Work permits are displayed in front of the New York City Housing Authority's Ocean Bay Apartments Bayside complex during renovations, part of the US Housing and Urban Development Rental Assistance Demonstration program, in the Queens borough of New York, US, on Tuesday, July 17, 2018. © 2018 Bess Adler/Bloomberg via Getty Images

PACT has enabled NYCHA to secure financing for needed repairs at the cost of losing certain key protections for tenants, including provisions of a federal monitoring agreement between NYCHA and the federal government concerning oversight of conditions in NYCHA’s buildings. Many resident protections, including those obligating PACT managers to make repairs and meet federal Housing Quality Standards, are reflected in the contracts underlying PACT deals. But these contracts do not provide residents rights to enforce these protections.

Human Rights Watch reviewed eviction data provided by NYCHA and found that, of the six PACT developments that converted before 2020, when an eviction moratorium was enacted, evictions increased in two large PACT conversions that together house 6,500 people. One of these developments, Ocean Bay in Queens, was NYCHA’s inaugural PACT conversion. Between 2017 and 2019, it had an eviction rate more than three times higher than the NYCHA average. They “put you out faster,” one Ocean Bay resident told Human Rights Watch.

Some PACT residents described continuing struggles to get apartment repairs and feeling as though they had no choice but to accept PACT management.

“We had to suffer for a week, taking bird baths, heating up water on our stoves, and sleeping in our hoodies and sweats and socks and quilts, in the dead of winter,” one PACT resident said, describing going without heat and hot water for a week one winter.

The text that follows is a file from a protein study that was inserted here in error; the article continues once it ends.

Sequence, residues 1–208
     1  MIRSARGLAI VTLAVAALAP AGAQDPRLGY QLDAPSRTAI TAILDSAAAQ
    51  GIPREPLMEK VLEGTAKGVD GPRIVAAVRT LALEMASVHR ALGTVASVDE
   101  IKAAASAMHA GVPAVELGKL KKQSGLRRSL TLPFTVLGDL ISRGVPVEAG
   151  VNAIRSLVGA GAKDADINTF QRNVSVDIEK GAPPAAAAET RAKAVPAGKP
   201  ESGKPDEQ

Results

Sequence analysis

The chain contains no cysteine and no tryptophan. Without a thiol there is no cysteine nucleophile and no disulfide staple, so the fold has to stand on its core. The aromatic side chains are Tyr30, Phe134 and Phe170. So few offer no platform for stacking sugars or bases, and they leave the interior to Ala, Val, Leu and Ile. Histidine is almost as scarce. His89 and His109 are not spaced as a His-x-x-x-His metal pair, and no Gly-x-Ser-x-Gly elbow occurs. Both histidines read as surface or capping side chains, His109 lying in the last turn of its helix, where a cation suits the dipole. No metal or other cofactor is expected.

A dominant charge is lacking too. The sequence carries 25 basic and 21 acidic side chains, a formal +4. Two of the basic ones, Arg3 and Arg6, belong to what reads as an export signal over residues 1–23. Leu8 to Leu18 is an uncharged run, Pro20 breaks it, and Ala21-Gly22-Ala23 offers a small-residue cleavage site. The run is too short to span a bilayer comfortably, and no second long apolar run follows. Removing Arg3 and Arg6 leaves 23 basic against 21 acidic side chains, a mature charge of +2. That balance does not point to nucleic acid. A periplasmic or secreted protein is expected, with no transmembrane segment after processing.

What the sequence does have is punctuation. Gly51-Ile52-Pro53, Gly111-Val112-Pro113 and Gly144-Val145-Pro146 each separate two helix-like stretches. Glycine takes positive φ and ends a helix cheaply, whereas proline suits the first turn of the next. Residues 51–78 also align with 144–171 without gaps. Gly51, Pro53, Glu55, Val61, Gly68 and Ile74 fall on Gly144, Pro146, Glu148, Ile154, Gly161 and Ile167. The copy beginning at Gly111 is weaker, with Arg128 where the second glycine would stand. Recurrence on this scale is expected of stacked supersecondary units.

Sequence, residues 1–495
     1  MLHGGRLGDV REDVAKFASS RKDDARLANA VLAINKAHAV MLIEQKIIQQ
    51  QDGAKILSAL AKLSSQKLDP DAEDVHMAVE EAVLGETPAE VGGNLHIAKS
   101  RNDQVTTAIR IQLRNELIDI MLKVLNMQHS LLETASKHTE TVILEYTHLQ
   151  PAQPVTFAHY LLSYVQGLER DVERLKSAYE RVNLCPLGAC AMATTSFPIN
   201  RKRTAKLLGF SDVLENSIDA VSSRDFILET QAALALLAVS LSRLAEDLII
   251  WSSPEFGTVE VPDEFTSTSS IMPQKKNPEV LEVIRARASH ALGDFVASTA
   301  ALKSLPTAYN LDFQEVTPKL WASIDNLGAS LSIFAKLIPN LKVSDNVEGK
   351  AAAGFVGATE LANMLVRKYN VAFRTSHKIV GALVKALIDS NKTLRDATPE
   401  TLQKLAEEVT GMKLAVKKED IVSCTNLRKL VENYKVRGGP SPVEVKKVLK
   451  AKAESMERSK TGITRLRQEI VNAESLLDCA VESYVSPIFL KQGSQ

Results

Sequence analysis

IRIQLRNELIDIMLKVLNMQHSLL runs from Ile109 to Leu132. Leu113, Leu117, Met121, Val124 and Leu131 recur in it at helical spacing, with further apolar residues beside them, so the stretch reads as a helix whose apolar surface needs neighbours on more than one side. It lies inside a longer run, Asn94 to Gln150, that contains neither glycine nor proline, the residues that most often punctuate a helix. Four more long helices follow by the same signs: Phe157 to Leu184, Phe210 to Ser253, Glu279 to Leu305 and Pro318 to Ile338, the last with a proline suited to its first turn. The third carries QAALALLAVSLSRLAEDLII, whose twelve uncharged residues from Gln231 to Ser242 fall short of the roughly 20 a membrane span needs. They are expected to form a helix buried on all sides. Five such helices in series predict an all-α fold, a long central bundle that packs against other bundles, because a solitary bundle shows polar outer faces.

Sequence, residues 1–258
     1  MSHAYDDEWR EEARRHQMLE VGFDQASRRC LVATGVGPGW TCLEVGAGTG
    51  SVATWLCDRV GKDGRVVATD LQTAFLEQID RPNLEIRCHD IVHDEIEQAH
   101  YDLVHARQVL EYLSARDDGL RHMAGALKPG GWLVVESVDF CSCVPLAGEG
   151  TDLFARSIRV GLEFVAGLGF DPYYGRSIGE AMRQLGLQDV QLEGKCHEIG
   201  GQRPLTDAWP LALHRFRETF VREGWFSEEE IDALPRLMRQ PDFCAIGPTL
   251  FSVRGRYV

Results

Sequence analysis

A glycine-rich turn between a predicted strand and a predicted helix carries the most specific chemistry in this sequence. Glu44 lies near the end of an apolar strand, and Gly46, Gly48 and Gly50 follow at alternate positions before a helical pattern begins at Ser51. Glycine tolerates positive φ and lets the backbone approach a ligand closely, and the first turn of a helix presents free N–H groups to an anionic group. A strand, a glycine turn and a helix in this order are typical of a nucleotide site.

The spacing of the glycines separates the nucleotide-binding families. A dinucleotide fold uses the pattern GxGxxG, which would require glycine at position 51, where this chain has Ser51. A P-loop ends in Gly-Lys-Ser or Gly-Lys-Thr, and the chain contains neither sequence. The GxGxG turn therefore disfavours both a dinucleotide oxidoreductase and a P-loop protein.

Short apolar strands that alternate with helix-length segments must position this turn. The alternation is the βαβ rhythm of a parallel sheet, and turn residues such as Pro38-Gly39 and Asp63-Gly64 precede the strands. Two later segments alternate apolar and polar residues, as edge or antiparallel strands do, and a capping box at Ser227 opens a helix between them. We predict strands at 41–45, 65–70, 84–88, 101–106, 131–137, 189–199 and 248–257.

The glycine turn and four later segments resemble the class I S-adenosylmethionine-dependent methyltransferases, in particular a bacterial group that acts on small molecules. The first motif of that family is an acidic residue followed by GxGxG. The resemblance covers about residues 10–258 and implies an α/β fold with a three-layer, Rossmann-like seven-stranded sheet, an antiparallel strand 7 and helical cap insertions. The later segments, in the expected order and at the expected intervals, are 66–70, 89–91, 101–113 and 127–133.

New York City and New York State should update their eviction laws to conform with international human rights standards, which prohibit evictions that place tenants at risk of homelessness or other human rights violations, Human Rights Watch said. NYCHA should improve the oversight and accountability of PACT, including by creating an independent entity to oversee PACT developments.

Nationally, Congress should fully fund public housing to ensure that local governments are able to maintain this critical resource for low-income residents, Human Rights Watch said. In addition, the Department of Housing and Urban Development should improve oversight of the program by monitoring and releasing comprehensive data on evictions and housing conditions in RAD developments. 

The US government’s regressive approach to public housing is part of a global trend of countries providing insufficient funding for programs that help realize the human right to housing. On January 17,  Human Rights Watch released a report finding that conditions in temporary accommodation in the UK violate human rights standards. The report said the UK government should improve the quality of temporary accommodation and reverse declines in social housing investment.

“For decades, the US has starved public housing of funding, pushing private-sector approaches instead, but privatization alone isn’t the cure for a lack of affordable housing,” Gandour said. “Cities can avoid risky strategies to finance critical repairs, and can provide safe, quality, affordable housing for decades to come if governments would just invest more.”